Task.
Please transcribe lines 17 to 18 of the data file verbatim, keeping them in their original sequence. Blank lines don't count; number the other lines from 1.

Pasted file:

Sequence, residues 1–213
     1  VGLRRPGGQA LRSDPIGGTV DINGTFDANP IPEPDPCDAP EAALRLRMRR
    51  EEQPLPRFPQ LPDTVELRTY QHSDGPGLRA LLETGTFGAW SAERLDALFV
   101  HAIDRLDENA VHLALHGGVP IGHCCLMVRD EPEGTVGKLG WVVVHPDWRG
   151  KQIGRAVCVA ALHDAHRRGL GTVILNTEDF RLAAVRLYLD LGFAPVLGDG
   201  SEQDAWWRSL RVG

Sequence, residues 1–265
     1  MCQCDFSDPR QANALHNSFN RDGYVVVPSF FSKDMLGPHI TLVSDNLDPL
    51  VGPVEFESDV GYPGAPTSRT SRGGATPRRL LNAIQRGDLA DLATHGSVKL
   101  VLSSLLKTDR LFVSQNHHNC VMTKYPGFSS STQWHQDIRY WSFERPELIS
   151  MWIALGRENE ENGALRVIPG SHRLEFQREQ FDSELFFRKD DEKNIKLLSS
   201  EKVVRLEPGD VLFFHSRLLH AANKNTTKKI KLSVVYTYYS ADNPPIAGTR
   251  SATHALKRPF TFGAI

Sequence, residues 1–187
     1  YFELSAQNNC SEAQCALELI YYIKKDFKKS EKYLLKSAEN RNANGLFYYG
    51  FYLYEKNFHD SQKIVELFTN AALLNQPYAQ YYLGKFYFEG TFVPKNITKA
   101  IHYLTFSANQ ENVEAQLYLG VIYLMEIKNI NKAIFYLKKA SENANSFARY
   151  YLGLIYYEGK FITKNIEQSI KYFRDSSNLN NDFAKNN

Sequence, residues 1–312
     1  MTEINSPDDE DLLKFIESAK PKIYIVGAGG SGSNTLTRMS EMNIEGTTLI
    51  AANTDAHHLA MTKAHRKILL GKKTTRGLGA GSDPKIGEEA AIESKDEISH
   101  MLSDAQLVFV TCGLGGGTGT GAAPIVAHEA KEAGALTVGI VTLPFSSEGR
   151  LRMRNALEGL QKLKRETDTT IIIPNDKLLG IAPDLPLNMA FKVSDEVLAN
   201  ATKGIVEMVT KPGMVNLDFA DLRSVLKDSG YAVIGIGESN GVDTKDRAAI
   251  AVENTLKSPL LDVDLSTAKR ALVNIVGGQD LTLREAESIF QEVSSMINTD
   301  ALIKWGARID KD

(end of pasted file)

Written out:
   101  IHYLTFSANQ ENVEAQLYLG VIYLMEIKNI NKAIFYLKKA SENANSFARY
   151  YLGLIYYEGK FITKNIEQSI KYFRDSSNLN NDFAKNN